This is because, over a century ago, Taiwan was an under populated outpost of pre-nationalistic Qing China, thus; it was deeply divided along ethnic lines, clannish feuding and culture. However, in recent times, Taiwanese nation builders seem to have confidence (Lynch, 2004).
They argue Taiwan has generated the highest economic growth rate in the world during the 20th century. Besides, democratization it has successfully repelled constant pressures from china to accept similar fate as those experienced in Hong Kong and Macau.
The ROC Nationalist Party (KMT) on Taiwan (1949-1971)
Tun-jen asserts that Taiwan had grown economically under the Japanese rule until now (2001). The economic structure of Taiwan in the pre-colonial period was subsistence- based. The administration of the Qing dynasty had poor economic policies that hindered the growth of Taiwan (Tun-jen, 2001). When Japan colonized Taiwan, various projects and programs were introduced for economic growth.
The Japanese adopted an agrarian based culture and open economy. The first project was an overhaul of the transportation system. The Japanese government needed proper infrastructure in place in order to open market and sustains order (Tun-jen, 2001). In addition, the Japanese carried out cadastral survey that enabled them to explicate property rights and boost revenue from taxes.
The second project involved the introduction of census and new economic enterprises. Census was carried out in order to examine the supply of labor and develop pre-existing population monitoring structures.
In the 1900s financial institutions, such banks were established to promote trade. These key institutions grew rapidly and multiplied throughout the country (Tun-jen, 2001). Tun-jen notes that the growth of financial institutions promoted the expansion of saving mobilization and commercial activities (2008). The agricultural sector improved due to the establishment of different associations and extension services.
Such services promoted the introduction of new arrays of seeds for farming. The new varieties increased agricultural production. Although these activities were carefully devised to promote the agrarian economy, the Japanese administration did not take time to market their goods and services. Instead, the management of these enterprises was entrusted to Japanese capitalists.
This action turned over the Taiwan resources to Japanese individuals. Taiwan became a production base for Japanese goods and a market for their industrial products. Tun-jen (2001) asserts in less than ten years after the Japanese conquest, rice and sugar became the principal export goods in Taiwan.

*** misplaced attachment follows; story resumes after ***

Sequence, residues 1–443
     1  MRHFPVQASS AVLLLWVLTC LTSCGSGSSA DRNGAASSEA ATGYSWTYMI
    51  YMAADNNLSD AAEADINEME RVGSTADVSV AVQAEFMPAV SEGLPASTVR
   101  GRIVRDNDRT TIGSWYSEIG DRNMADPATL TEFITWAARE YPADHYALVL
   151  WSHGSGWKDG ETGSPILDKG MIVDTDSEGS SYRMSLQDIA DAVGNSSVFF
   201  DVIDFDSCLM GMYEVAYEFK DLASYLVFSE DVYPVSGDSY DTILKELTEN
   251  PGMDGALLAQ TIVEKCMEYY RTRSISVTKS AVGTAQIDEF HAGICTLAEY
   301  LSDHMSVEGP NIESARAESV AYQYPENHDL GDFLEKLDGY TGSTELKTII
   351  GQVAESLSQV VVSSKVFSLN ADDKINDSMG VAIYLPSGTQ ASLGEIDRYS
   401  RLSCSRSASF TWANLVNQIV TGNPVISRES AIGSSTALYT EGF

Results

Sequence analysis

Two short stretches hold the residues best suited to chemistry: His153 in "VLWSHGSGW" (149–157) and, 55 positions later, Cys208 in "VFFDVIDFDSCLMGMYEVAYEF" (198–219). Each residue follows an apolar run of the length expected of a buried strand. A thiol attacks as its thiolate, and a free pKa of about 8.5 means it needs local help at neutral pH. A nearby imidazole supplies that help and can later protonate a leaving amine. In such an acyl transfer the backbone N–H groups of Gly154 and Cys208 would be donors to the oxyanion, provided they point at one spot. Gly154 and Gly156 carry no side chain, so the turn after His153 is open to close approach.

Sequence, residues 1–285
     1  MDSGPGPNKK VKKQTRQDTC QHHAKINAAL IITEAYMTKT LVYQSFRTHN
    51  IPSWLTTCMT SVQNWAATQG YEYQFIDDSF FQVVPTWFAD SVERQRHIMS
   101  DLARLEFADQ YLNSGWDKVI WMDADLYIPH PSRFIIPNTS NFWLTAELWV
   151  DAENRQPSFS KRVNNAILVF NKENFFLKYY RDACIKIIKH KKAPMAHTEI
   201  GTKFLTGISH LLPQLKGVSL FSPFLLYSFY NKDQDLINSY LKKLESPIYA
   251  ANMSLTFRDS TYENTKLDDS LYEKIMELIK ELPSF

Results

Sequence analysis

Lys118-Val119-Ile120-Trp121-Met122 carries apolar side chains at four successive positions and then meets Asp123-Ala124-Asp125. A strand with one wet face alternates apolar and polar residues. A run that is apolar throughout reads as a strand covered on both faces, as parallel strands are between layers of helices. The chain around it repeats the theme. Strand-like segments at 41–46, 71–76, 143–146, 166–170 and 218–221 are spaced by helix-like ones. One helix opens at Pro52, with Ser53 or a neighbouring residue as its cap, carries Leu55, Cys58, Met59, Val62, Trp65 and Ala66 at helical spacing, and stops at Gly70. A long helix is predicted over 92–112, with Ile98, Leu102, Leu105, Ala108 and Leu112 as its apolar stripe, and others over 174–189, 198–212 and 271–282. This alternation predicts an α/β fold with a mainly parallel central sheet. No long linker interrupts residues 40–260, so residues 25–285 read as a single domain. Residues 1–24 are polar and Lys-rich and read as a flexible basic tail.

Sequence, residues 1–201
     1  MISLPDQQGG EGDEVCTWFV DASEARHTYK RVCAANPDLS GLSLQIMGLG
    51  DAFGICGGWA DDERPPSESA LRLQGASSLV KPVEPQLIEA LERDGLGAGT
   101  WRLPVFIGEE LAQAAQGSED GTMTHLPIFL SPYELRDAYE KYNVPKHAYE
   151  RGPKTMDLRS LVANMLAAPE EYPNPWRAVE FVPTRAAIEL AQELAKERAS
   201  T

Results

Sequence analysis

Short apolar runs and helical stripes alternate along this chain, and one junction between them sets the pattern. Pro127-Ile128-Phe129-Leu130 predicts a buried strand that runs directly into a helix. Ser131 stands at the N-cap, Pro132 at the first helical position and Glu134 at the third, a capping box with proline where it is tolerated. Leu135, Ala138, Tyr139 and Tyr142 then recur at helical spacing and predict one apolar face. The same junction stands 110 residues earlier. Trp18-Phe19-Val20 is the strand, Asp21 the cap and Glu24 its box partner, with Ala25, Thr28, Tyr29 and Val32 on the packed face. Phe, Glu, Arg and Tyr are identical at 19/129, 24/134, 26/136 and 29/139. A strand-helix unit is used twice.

The difference between Taiwan and other Asian countries that were colonized like South Korea is that Taiwan was not divided by civil wars or colonial rulers. Moreover, Taiwan was ruled by foreigners for a long time. This period enabled the country to be economically stable. Tin 1947,
the Japanese government, relinquished all its power to Kuomintang after the KMT uprising (Tun-jen, 2001). Their only responsibility was to restore the country and not create institutions thanks to the Japanese rule.
The historical heritage, political background and economic development of Taiwan make it one of the powerful nations in East Asian. It has significantly contributed to the world’s economy. Its success can be credited to Japan which, colonized Taiwan and introduced agrarian system. During this period, China was constantly at war with Japan over Taiwan. Nevertheless, the Chinese army failed to seize the land.
Currently, the country is in danger of being absorbed by china. In the past, china tried to colonize Taiwan, but their efforts were unsuccessful. The blue perspective endorses the superiority of china and associates China with Taiwan (Vickers, 2008). However, Taiwanese nationalists disregard this knowledge. They desire to have a state which is independent of Chinese influence.
Lynch, D. (2004). Taiwan’s Self –Conscious Nation- Building project. Asian Survey, 44(4), 513-533.
Tun-jen, C. (2001).Transforming Taiwan’s Economic Structure in the 20th Century. The China Quarterly, 165, 19-36.
Vickers, E. (2008). Original Sin on the Island Paradise? Qing Taiwan’s colonial history in comparative perspective. Taiwan in Comparative Perspective, 2, 65-86.